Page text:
Bart: "I disagree with Ed here, as I felt Fish's performance was utterly destroyed by the poor acoustics of the venue he played in. Also, nostalgia factor aside, both band and vocalist did a better job at the song tonight."
Derk:: "Script was definitely the highlight of the weekend for me. This song is so powerful, both
lyrically and musically, and the hundreds of Marillion fans singing along at the top of their lungs (yours
truly included) made this an unforgettable rendition."
The band left the stage, but not before long the DJ reminded us that he had announced a joint number 1 position. The band returned for the ever great This Strange Engine. Rare live material? Not really. Top 10 material? Definitely. Joint number one with Script? Bollocks! Good encore though? Certainly! :-)
As during past years performances the 'blue pain' section of the song was extended and used by Steve to give his opinion on the coming war in Iraq, using lyrics by Sting from Spirits in the Material World ('there is no political solution, to our troubled evolution') and Russians ('there is no such thing as a winnable war, it's a lie we don't believe anymore'). A nice touch to the evening.
The band returned for two more encores, the first of which was obviously one of their own choices: Cover My Eyes (voted 45th in the Internet poll) followed by The Space... (another favourite that is performed all too rarely and ended up at number 26 in the poll)
Once again, this set is a Marillion fan's ultimate wet dream, yet the fact that so many songs have been played so many times before (and many of them recently) made it a bit disappointing. I can understand how people from Marillion-poor countries would vote for some of these songs, but five of the 13 songs played tonight were also played during last year's weekend!
Then again, you can't have a fairer way of choosing a setlist than a fan poll, so there.
The complete list of voted songs can be found here. It is really surprising to see how low the Brave material ended up in the list. The first Brave track to appear is The Great Escape, which at number 32 is flanked by tracks such as Enlightened, Splintering Heart (Moles version), The Release and Born To Run.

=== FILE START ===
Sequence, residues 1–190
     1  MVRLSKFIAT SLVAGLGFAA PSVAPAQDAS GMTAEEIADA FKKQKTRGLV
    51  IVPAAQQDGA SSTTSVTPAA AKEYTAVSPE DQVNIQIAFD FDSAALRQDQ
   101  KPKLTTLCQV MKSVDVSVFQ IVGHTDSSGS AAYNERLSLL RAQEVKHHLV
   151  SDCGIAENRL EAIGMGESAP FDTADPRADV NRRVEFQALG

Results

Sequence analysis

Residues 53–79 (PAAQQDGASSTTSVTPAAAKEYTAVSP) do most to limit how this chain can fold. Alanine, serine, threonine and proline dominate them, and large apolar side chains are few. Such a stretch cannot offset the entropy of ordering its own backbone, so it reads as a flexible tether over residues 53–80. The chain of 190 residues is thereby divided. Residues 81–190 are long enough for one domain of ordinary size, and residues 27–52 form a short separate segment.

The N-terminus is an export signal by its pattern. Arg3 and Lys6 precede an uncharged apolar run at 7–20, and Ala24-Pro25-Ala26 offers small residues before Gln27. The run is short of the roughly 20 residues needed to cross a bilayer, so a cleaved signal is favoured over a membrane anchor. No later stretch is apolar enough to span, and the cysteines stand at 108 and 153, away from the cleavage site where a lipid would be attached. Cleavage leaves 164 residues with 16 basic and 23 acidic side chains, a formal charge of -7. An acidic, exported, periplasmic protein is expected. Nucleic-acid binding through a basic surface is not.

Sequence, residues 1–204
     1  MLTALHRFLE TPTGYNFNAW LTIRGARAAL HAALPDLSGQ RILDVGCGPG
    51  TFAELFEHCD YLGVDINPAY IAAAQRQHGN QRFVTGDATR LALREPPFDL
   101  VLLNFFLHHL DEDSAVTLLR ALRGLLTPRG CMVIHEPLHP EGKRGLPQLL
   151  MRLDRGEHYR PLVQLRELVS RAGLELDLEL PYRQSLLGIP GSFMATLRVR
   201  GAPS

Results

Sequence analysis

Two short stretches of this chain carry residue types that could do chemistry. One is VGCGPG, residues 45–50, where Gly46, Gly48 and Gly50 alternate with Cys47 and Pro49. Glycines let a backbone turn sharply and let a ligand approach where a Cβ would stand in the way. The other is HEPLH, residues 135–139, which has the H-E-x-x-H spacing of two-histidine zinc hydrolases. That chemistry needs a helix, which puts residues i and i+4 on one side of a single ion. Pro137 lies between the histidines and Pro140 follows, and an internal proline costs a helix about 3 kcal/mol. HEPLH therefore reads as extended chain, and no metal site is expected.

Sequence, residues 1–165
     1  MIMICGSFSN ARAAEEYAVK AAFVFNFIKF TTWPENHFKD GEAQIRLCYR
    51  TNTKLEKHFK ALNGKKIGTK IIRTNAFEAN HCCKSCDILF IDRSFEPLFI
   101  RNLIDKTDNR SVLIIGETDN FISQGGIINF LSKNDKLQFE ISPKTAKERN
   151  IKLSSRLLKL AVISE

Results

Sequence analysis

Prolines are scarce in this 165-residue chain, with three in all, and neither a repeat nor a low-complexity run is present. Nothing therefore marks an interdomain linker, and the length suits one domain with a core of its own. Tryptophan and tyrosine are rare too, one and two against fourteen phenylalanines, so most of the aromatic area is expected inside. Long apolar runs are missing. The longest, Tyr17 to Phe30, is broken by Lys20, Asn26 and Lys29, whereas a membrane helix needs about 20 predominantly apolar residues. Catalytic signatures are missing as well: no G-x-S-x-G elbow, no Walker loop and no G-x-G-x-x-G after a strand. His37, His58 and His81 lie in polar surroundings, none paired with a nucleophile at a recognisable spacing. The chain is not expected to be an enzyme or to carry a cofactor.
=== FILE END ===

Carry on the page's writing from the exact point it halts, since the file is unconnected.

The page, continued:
After the show, the main hall, which was a big, wide structure with bars on both sides, stayed open until
2 o'clock. Unfortunately, the lack of atmosphere in the hall combined with the DJ's choice of obscure 60's
and 70's music did not really create a party mood among those present.
That evening, Bart and Derk ended up at a party with the Norwegians, while Ed had made his way back to the
apartment through hordes of drunken campers to catch up on some extra sleep.
Ed: "I find it quite difficult to accept how sloppy the choice of musical entertainment around the Marillion performances (read: support acts and choice of DJ) has been and how it spoiled much of the weekend's fun. 'Close but no cigar' is how I would sum up this second evening."
Sunday March 15th - Swap the Mix
When we arrived back at the main hall there was an enormous queue lining up towards the entrance,
running all through the fun fair of Butlins. Must have been at least 100 meters. Fortunately once the doors
were opened the queue disappeared very quickly
and we were back in the immense 'Center Stage' hall.
First item on today's agenda was Swap the Band, which -just like last year- turned out to be one of the highlights of the weekend. For every song one or more band members would leave the stage to be replaced by fans who had auditioned via tapes and had been carefully
selected to play with the band. Most of the time this resulted in a fine display of talent among the fan base.
First up was Frenchman Jean Niederlander, who drummed on Cover My Eyes. Having heard the band perform the same song the night before, it struck me how, even with such a seemingly simple rhythm like Cover My Eyes, the change of a drummer can change the whole sound of a song. Not that Jean did a bad job, far from it, but it just sounded different.
American Dennis Cheatham did a fair job singing Quartz - certainly not an easy choice. He was followed by Darren Newitt who gave a whole new (almost metal) spin to the all too familiar solo in Kayleigh - great stuff! At the start of the song he seemed a bit unsure and uncomfortable strumming those gentle chords, but the solo was definitely more up his street.
Once again Hogarth had to leave the stage, this time to be replaced by Michelle Aragon, who gave the song A Collection a whole new dimension with her angelic voice. Very nice - wouldn't mind seeing this as a bonus track on some CD or DVD in the future.
Next up was Brigitte Kreigenhofer and she too proved a wonderful replacement, this time it was Pete Trewavas to bite the dust when she took over bass duties for Map Of The World. A hilarious moment followed when Pete refused to leave the stage after handing over his bass to Brigitte. H said something in the vein of "go on, push off" and Pete seemed genuinely pissed off by that remark. H threw him one of his maracas to "give him something to do" which Pete then tossed into the audience, like an annoying school boy. Great hilarity, but didn't really seem a joke at the time.